In a meeting with eWEEK prior to the start of the Symbian Smartphone Show here, David Rivas, vice president of product and technology management for S60 Software in Nokia’s devices business, shared a road map of Nokia’s plans regarding open-sourcing its developer platform and the Symbian operating system. Nokia announced plans to acquire Symbian in June.
“We hope to close the acquisition by the end of the year, and in the first half of next year we’ll launch the Symbian Foundation,” Rivas said. Meanwhile, the Symbian OS, S60, the UIQ (formerly known as User Interface Quartz) and MOAP (Mobile Oriented Applications Platform) software will all be contributed to the Symbian Foundation in the first half of 2008 and the source code will be made available to members, with the first integrated release of the entire stack available in 2009. Moreover, the overall platform assets will be made available as open source within the next two years, Rivas said.
Why is Nokia going this route? Well, certainly to try to maintain its lead in the handset space, as Linux and open-source alternative technologies may begin to eat into Symbian’s market-leading share of the business. But, also, “the fundamental economics of software development leads you to open-source software,” Rivas said.
The whole plan is dependent on whether Nokia’s deal to acquire Symbian goes through, Rivas said, but added that the deal is all but done.
“Our CEO is asking us why we’re spending a pile of money for Symbian just to give it away,” Rivas said. “However, we’re creating an open-source foundation to distribute and manage Symbian OS and the S60 software, called the Symbian Foundation. This organization is truly open to anybody who wants to join, and we’ll provide the source code for free to anyone who joins the organization.”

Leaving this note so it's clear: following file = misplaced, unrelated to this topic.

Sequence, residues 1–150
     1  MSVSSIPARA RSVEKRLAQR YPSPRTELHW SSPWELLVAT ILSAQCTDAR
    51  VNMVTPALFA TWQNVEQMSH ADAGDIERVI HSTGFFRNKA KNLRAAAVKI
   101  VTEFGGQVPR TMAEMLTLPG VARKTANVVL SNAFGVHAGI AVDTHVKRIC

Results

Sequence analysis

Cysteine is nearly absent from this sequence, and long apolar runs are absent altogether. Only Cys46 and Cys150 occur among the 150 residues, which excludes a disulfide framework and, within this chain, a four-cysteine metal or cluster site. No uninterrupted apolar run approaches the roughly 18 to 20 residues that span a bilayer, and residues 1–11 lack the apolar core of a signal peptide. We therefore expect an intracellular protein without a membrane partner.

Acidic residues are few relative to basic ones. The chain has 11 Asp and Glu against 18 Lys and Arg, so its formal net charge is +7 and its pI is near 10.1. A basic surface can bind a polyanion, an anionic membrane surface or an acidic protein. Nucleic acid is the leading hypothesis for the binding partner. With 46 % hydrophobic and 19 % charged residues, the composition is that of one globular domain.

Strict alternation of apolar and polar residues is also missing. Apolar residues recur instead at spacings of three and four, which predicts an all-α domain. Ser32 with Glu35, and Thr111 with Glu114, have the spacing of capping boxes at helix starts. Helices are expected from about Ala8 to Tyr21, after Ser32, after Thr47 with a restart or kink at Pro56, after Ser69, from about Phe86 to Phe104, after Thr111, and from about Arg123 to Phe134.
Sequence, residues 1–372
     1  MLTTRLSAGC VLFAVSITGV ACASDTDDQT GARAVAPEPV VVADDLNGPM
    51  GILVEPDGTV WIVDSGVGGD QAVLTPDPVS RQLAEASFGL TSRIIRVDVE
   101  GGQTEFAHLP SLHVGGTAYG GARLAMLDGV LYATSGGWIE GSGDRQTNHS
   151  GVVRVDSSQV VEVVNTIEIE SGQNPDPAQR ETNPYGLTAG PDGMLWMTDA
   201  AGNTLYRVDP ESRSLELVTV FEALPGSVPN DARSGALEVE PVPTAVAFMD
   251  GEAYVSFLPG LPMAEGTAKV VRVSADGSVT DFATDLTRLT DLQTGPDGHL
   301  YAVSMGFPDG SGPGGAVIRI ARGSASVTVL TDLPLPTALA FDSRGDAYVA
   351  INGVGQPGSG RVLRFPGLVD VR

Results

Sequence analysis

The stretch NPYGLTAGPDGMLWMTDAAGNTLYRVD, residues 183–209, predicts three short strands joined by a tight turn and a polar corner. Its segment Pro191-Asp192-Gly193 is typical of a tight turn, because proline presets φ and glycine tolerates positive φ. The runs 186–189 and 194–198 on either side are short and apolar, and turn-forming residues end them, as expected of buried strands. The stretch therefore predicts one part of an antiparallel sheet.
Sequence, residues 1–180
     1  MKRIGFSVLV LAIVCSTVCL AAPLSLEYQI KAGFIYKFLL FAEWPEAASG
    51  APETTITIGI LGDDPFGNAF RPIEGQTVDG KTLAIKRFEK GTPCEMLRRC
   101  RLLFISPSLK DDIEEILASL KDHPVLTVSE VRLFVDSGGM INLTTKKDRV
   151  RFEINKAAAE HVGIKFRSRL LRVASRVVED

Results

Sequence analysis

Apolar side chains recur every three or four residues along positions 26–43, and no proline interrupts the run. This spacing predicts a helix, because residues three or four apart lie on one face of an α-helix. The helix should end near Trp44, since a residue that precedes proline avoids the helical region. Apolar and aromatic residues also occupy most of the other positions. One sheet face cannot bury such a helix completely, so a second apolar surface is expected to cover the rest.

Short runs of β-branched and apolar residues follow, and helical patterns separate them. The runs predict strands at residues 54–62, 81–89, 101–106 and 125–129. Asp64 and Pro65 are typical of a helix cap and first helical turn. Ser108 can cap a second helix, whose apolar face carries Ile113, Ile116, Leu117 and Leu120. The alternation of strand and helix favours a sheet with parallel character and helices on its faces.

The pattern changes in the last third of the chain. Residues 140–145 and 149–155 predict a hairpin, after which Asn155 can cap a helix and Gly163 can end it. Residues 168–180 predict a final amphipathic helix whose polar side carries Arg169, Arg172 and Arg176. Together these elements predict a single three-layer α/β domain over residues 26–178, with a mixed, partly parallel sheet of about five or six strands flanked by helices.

Rivas said right now Symbian boasts about 46 percent of the smart-phone market, but combined with NTT Docomo under the Symbian Foundation umbrella, the organization will hold about 60 percent of the market.
“Because Symbian OS is the market leader, we have the ability to drive demand and value,” Rivas said. He noted that Symbian is the most mature smart-phone platform. “We’re at a point with the handset industry such that all the manufacturers are landing on a buy decision in the build versus buy situation. And as we look out on the landscape we see Windows Mobile, Android and S60. There’s free and there’s proprietary and royalty bearing-which is well represented by Redmond. Free has been immature, with one phone in the market. With the Symbian Foundation move we have a system that’s free but mature.”
Member Priorities to Drive Foundation
Moreover, Rivas said what Nokia is talking about has not been done before. “Our development process will take place in the open-source mode, and we’ll be accepting contributions from the entire industry.”
And the foundation’s development priorities will be driven by member contributions. “We will encourage and enforce contributions with the Eclipse license,” he said, noting that the foundation will use the Eclipse Public License as its primary licensing vehicle.
The fee to join the Symbian Foundation is $1,500. But the foundation itself is funded by its original equipment manufacturer board members. The 10 founding foundation members are Nokia, Motorola, Sony Ericsson, Samsung, LG, Vodafone, AT&T, NTT Docomo, Texas Instruments and ST-NXP Wireless.
“The act of taking 40-plus million lines of code and turning it into open-source software will take some time, and we don’t want to wait,” Rivas said. “So on Day One we’re making it all free for members. The assets will be delivered as open source with an aggressive schedule starting at the foundation’s launch.”
Meanwhile, Rivas said the foundation is applying more of a carrot than a stick to encourage members to use the standard Symbian OS and S60 platform rather than to fragment the software.
“The foundation will run a fairly broad set of tools to deal with fragmentation and run a strong branding program,” Rivas said. “We hope to keep you from forking by having a high value system. But if you want to fork you can fork; we have a license for that called the EPL.”
Rivas had generally positive things to say about the Android offering, but he was much less effusive about Apple’s iPhone, despite carrying a Mac. “They do everything for themselves and see no value in an open platform,” he said. “We believe in product differentiation, and this platform has to make it possible for folks to make it unique. We believe there’s a lot of value in more than one manufacturer driving the development.”
That said, Rivas noted that the foundation as it stands has the support of seven device manufacturers, 225 million devices, 250 device models, 250 operators, tens of thousands of applications, and 4 million developers.